• Moscow plans to call up 300,000 people
• It shows Russia is losing war, says West

President Vladimir Putin ordered Russia’s first wartime mobilisation since World War Two yesterday, shocking his countrymen with what Western countries described as an act of desperation in the face of a losing war.
Putin made the announcement in a televised address in which he also announced moves to annex swaths of Ukrainian territory and threatened to use nuclear weapons to defend Russia, declaring: “It’s not a bluff”.
Flights out of Russia quickly sold out.
In a country that counts millions of former conscripts as reservists, Putin’s “partial mobilisation” decree gave no clue as to who would be called up. Defence Secretary Sergei Shoigu said 300,000 people would be mobilised from a pool of 25mn. Contracts of professional troops would be extended indefinitely.
Putin also effectively announced plans to annex four Ukrainian provinces, saying Moscow would assist with referendums on joining Ukraine’s Luhansk, Donetsk, Zaporizhzhia and Kherson regions to Russia, and implement the results.
Offering no evidence, Putin accused officials in Nato states of threatening to use nuclear weapons against Russia. They should know that “the weathervane can turn towards them”, he said. Russia “also has various means of destruction”.
“When the territorial integrity of our country is threatened, we will certainly use all the means at our disposal to protect Russia and our people. It’s not a bluff.” Biden, in a speech to world leaders at the UN General Assembly responded: “Again, just today, President Putin has made overt nuclear threats against Europe, in a reckless disregard for the responsibilities of the non-proliferation regime.” Ukrainian President Volodymyr Zelensky said he thought Putin would be unlikely to use nuclear weapons, but that the threat itself showed why it was vital to stand up to him.
“Tomorrow Putin can say: ‘Apart from Ukraine, we also want a part of Poland, otherwise we will use nuclear weapons.’ We cannot make these compromises,” Zelensky told Germany’s Bild newspaper.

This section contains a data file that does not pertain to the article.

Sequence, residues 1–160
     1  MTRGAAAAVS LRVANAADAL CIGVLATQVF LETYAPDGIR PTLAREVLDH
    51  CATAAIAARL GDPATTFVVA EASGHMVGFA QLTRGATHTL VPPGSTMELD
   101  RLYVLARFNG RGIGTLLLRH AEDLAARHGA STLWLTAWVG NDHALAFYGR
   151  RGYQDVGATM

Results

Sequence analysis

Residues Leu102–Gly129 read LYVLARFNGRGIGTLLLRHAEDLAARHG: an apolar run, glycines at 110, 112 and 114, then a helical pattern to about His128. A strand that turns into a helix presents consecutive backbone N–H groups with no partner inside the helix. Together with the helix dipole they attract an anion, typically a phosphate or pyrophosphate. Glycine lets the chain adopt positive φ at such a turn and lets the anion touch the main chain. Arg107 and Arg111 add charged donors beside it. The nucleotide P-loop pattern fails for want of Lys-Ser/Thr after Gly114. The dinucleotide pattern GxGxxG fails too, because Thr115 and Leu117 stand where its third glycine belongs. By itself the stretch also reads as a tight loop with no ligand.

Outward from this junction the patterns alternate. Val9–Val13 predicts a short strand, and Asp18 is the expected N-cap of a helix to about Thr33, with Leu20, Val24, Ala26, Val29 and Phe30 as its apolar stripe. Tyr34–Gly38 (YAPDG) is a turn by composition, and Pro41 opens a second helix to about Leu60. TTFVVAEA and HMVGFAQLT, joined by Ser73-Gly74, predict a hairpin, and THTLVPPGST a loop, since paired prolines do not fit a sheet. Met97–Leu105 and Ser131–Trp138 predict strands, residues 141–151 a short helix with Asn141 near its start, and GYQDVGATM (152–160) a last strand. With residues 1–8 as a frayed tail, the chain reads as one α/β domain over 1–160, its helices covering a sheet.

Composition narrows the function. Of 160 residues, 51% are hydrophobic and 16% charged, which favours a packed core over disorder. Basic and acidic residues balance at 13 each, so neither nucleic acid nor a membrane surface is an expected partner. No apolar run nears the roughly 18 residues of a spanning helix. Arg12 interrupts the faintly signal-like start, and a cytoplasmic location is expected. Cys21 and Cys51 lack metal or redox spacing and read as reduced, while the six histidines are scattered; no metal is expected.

Moments after Putin’s announcement, recruitment offices had already handed packs of conscription papers to homeowners’ associations, said St Petersburg human rights lawyer Pavel Chikov, who advises clients on conscription. Medics in Moscow were “receiving summonses from recruitment offices en masse to come and receive mobilisation orders”, he told Reuters.
In a note seen by Reuters, one major company told staff: “We already have employees who have received summonses for tomorrow. Everyone should be aware that it is possible they will be summoned in the morning and be unable to work the next day.
In his speech to the UN General Assembly, Biden said Russia had violated the UN charter by invading a neighbouring state.
“This war is about extinguishing Ukraine’s right to exist as a state, plain and simple, and Ukraine’s right to exist as a people,” the American president said. “Wherever you are, wherever you live, whatever you believe.... That should make your blood run cold.”
“No amount of threats and propaganda can hide the fact that Ukraine is winning this war, the international community are united and Russia is becoming a global pariah,” said British Defence Secretary Ben Wallace.
Zelensky adviser Mykhailo Podolyak said Putin’s address “looks more like an attempt to justify their own failure”.
“The war is clearly not going according to Russia’s scenario and therefore required Putin to make extremely unpopular decisions to mobilise and severely restrict the rights of people,” Podolyak told Reuters in a text message.

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